Skip to content
Archive with last of tag-string W169


3V1184.01 Blocks microworld: Moving Blocks (4/20/81)

Peggy has experienced a number of insights in her developing control of the little blocks microworld. The record of her discovery of “BK” is in P169. This is a significant and meaningful operation for her when the block has a forward velocity. In the case “BK” interrupts the velocity for a jump back, after which continued forward movement goes on. Peggy said (?) this is a “neat phenomenon.”


3V1185.01 Computer at home: TI-99 (4/21/81)

I finally brought home a TI-99 from the Logo lab. The machine’s storage extension is very flakey and the tape recorder would not work well for the first week or so. Consequently it was hard to program little systems for Peggy. We began using the computer in experiments with P169. The video quality of the firs two sessions was poor because lighting was inadequate. P171 is much better.

Peggy’s first use of the computer was simple letter -keying… it was an electronic typer, a keyboard with an output she could see. She liked very much to turn off the computer then restart. She was thrilled to be able to control the appearance of the start up design… Which she described thus, “Daddy, I made the science.” She continues (5/11/81) fascinated with controlling the hardware, inserting audio tapes (at random) into the recorder and pressing its buttons. I have tried hard to let her help, interpreting for her the I-O directions printed on the display and instructing her when to press enter. (We should capture this on P172 later today.)

The enculturation aspect showed up very clearly in the first appearance of technical jargon (4/21). When a problem occurred, Peggy turned toward me and said, “Daddy, it’s the same problem. There’s a bug in you bacedure.” [sic]


3V1186.01 Learning by observation during Story hour (4/22/81)

Today was the last in a series of story hours for Three Year Olds given weekly at the local library. The Childrens’ Librarian would take a group of children (maybe 10 to 12) into a meeting room where they might sing a little song or play a simple finger game. She would then read them a story. Afterwards there would be a short film shown in the childrens’ room. Several groups met at the same time, and there were always hordes of children, mothers, and babies milling around. As described earlier (2/15/81) Peggy at first stayed apart, but as the weeks wore on she gradually moved in closer and joined the circle to some extent.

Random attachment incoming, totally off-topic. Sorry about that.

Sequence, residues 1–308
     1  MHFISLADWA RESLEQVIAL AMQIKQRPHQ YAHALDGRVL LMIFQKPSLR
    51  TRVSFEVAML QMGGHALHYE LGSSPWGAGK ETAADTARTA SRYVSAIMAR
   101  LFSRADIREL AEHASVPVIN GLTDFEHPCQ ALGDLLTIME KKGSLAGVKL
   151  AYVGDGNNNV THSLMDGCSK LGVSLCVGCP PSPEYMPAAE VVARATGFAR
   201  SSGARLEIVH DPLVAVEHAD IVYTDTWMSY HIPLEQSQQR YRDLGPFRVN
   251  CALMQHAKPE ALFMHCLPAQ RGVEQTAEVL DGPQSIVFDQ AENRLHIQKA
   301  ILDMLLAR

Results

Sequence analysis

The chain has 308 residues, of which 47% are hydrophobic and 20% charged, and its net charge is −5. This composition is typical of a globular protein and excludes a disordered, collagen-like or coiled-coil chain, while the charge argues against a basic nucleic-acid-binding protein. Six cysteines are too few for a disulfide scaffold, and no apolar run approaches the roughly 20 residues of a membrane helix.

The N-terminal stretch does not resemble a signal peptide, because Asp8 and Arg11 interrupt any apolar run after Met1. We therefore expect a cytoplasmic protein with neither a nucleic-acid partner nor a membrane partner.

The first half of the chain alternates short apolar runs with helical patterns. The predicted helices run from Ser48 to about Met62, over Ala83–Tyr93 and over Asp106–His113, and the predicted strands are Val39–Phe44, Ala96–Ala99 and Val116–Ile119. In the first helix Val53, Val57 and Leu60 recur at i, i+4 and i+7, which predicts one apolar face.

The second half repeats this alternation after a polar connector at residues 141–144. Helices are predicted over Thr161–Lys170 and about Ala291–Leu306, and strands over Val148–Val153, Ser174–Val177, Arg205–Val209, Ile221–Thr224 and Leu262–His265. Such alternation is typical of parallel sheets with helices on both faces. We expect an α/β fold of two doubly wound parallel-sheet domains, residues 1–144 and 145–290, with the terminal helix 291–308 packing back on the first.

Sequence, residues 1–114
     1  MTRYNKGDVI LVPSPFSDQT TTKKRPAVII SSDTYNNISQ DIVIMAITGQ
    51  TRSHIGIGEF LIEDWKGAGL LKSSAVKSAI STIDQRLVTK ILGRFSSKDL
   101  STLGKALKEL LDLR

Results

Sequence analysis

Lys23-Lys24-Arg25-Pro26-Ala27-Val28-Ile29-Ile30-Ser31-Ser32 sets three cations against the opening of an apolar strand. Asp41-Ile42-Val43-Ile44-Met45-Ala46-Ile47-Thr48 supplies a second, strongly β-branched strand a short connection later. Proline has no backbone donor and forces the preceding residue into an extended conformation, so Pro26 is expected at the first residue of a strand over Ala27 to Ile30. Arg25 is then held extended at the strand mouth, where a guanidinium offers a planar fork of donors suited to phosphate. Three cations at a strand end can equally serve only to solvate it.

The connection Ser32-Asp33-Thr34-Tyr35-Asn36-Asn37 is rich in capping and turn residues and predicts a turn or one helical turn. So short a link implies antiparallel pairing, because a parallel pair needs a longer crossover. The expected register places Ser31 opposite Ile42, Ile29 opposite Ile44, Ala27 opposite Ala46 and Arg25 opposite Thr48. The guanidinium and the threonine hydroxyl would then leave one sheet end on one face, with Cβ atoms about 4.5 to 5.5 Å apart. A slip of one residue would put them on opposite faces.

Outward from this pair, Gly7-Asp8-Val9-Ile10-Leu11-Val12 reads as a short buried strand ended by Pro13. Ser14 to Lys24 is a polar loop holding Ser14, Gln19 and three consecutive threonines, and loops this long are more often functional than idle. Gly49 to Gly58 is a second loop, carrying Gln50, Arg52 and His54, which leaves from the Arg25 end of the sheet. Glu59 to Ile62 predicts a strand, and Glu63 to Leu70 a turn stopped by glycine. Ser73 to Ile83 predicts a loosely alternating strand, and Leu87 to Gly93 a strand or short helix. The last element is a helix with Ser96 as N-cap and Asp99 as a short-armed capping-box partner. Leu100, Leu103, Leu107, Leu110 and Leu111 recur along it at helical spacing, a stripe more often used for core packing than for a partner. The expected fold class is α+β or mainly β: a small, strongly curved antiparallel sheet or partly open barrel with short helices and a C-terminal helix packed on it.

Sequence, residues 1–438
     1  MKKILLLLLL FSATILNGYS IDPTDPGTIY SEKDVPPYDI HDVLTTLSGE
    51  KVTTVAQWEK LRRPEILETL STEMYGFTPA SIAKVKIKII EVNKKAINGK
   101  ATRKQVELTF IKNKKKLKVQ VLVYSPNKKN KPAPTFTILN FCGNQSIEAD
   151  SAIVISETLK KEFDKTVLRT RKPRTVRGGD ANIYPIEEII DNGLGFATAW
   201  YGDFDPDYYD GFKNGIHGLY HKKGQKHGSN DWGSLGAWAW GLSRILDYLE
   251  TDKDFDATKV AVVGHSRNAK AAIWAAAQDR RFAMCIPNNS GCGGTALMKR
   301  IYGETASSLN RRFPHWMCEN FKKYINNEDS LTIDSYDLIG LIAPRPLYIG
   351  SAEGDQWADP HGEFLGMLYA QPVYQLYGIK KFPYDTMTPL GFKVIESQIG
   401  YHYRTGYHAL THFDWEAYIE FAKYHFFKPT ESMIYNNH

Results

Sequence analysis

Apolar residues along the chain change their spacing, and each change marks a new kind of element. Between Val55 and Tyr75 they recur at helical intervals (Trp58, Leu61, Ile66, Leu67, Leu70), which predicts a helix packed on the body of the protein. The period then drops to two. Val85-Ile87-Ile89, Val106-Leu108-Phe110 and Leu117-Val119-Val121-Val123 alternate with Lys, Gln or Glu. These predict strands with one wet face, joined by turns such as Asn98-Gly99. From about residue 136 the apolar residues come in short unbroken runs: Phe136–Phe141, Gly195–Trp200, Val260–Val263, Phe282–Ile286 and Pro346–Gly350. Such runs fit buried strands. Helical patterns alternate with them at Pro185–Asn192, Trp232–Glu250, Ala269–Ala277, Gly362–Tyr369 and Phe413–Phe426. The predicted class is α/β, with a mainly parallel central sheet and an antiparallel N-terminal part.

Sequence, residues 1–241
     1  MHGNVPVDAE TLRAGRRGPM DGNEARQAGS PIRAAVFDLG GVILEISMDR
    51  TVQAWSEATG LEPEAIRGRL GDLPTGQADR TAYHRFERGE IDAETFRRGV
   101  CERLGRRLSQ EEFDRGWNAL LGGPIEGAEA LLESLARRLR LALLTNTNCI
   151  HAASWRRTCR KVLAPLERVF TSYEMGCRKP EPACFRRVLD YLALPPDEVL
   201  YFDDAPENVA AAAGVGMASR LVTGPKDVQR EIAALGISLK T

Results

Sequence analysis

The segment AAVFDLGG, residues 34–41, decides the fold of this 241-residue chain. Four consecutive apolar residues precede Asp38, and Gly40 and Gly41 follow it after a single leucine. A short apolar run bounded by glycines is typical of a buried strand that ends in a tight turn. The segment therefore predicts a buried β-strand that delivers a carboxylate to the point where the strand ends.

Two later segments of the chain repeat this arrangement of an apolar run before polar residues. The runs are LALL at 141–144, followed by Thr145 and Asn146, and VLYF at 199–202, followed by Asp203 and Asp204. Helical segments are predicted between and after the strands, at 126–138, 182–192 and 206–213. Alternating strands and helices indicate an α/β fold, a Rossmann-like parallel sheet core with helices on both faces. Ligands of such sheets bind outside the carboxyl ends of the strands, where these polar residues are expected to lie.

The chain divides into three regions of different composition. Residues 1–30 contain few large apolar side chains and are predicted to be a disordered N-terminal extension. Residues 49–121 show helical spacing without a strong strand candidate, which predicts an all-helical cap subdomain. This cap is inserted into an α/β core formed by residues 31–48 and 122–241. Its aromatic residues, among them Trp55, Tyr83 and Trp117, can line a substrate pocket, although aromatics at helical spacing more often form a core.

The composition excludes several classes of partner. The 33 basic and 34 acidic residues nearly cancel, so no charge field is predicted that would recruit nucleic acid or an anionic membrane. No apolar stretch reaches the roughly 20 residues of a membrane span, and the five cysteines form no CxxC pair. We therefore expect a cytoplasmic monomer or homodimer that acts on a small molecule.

About two months into the session, I heard her singing at home “E-I-O, E-I-O…” When I asked her about it, she told me she learned it at story hour. “Oh, you were singing songs?” [I don’t think I had realized this before.] Peggy set me straight. “Well, the lady was singing. I didn’t sing.” Later, I also heard snatches of “Shoofly”. Peggy apparently enjoyed these tunes. although she never “threw herself into” the entertainment. One film, for example, was Disney’s Three Little Pigs, and most children were screaming and laughing as the Wolf tried to catch the pigs and got thoroughly beat up in the process. Peggy sat there with the same quiet attention she gave most of the films. At the last session, Peggy was somewhat disconcerted to discover that the librarian was not there that day and that another woman was there taking her place to read. Her first reaction was to ask me to come in with her. I walked as far as the door of the reading room, and Peggy continued in with no problem. she did not seem upset on being told that story hour was over for now, and there wouldn’t be any more for a while [end of June]. Access to the books in the library is far more important.


3V1188.01 Piecemeal discovery from playing with TI BLOCKS (4/24/81)

Peggy’s grasp of what she could do with this micro-world has been delightfully piece meal. The first and most striking thing was learning to make the blocks walk. I seem to recall this happened in the first session. The next discovery was the BACK command. It was a discovery in the sense of being discriminated from others and producing a regular consequence from its execution. What made it her discovery ? No one else had imagined the effect of using BACK when a block was WALKing (the block hops backward in its forward path). Peggy discovered this in P170 (online). The next discrimination, a consequence of direct instruction in response to a question from her was how to select a new object of commands. I recall asking Peggy is she could make blocks other than the black (the default object) move. She was sad and said, “No.” I flatly asserted that SHE could and she asked me to show her how. I did so. (This was the Saturday before P171, I believe.) On the date of this note, Peggy changed the object she was commanding. I asked if she had [done] so on purpose or by accident. Peggy responded by changing the object of command to a different one, then smiled at me. Her turning command control may not yet be perfect (right from left) but she does discriminate between the turning commands and the others.


3V1188.02 You can spell everything, not merely “French” (4/24/81)

Peggy is apparently coming to realize that all words can be spelled (not merely “French”). The cause of this conjecture I can’t document, but she sat in my lap this afternoon and asked me to spell word after word…. words with no apparent connection, ending up with her collection with objects-at-hand names, like nose (as well as earlier objects out of sight, “dog”).